It’s my birthday today (yesterday by the time this is posted). Normally, I’d shrug and move on because whatever. I’ve hated my birthday most of my life and actively pretended it didn’t exist for decades. I refused to say when it was, and I went as far as to put a fake date online whenever I had to provide a birth date. In fact, back in the early days of Facebook when you had to provide one and they published it without permission, I would have people wishing me a happy birthday in January because I picked a date at random. I would go to FB and see a dozen happy birthday wishes and think, “What the fuck? It’s not my birthday. Why are–oh, right.” I’m glad they’ve allowed the user to decide whether or not she wants to publish her birth date. I don’t care any longer, but I certainly did care for many years.
Then, about five or six years ago, I slowly went from loathing my birthday to being aggressively neutral about it to not caring about it. Was it taiji? Yeah, probably. At any rate, it was strange. What’s even stranger is that a year ago, I hated my birthday again. Not because of getting older. I don’t care about that in general*, but because of what normally haunts me on my birthday–the fact that I’ve wasted my life. For whatever reason, it hit me hard last year. Probably because I’m creeping up on fifty, which seemed unimaginable thirty years ago.
When I was a kid and a teenager, I would be dumbfounded when someone asked me about what I wanted to be when I grew up. Not only did I not know; I didn’t see myself as an adult. I couldn’t picture it because I couldn’t fathom being alive. I didn’t want to be alive, and I couldn’t envision it. Me, someone who can imagine anything came up with a blank when trying to see into my own future. I didn’t think I’d make it past childhood, and it continues to surprise me that I’m alive. When I was in my twenties, I got it in my head that I would die when I reached the age my mother was–55. For a year, I was convinced this was true. Even then, I still couldn’t see anything about my future. I knew what I didn’t want–kids, specifically–but what did I want? I had no idea.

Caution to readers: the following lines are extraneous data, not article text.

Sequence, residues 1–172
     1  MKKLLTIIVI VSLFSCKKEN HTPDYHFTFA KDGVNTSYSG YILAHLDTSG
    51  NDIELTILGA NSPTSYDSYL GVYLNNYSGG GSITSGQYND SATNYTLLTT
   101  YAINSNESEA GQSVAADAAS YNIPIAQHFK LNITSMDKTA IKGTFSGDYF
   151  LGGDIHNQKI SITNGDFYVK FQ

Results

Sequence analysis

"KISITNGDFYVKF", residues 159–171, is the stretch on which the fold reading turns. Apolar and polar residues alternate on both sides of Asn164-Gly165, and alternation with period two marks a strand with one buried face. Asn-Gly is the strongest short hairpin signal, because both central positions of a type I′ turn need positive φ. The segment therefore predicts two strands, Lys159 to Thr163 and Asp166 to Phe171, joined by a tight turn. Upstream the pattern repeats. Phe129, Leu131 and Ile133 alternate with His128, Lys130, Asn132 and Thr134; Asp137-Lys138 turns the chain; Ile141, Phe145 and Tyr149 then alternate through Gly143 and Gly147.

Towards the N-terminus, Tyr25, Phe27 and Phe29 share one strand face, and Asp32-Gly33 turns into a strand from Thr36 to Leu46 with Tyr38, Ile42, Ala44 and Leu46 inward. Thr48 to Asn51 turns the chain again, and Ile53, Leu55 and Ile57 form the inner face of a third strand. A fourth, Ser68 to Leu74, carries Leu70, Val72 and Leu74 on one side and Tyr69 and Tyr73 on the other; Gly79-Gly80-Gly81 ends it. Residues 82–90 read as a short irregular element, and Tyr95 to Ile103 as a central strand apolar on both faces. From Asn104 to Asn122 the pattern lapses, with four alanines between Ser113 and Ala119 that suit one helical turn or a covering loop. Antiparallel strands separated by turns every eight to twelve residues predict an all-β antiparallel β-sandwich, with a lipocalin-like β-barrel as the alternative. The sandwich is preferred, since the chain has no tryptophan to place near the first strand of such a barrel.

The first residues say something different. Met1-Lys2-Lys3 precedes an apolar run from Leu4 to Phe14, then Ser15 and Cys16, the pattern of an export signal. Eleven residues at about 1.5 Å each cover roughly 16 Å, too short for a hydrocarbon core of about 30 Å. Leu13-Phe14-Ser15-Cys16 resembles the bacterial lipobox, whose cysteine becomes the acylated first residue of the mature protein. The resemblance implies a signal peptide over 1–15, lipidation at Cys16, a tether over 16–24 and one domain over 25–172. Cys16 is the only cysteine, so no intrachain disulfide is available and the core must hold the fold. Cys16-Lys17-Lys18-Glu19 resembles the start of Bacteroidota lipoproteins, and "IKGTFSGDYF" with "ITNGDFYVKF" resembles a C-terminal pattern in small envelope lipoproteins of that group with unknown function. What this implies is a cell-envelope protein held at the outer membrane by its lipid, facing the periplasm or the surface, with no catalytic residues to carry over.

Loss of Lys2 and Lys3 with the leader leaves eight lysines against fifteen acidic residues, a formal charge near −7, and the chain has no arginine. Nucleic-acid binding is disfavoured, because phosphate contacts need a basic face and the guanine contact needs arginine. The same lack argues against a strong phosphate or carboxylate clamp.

I didn’t feel as if I was really living my life or that I was a real person. It’s hard to explain because I know logically that I exist and that I’m moving through the world. But I don’t feel like an actual human being. It doesn’t help that I am invisible in this world. Asian, bisexual, woman, not married, no children, agnostic, fat, and a whole bunch of other qualifiers that render me worthless. The only way I matter now is that apparently it’s Asian women who are bearing the brunt of the anti-Asian sentiment. It’s not a problem, however, as I’m not going anywhere right now.
Anyway, my mom called last night at 11 p.m. I thought it was because I had sent her an email about some insurance thing, but no, it was because she was in a panic about not being able to call me today for my birthday.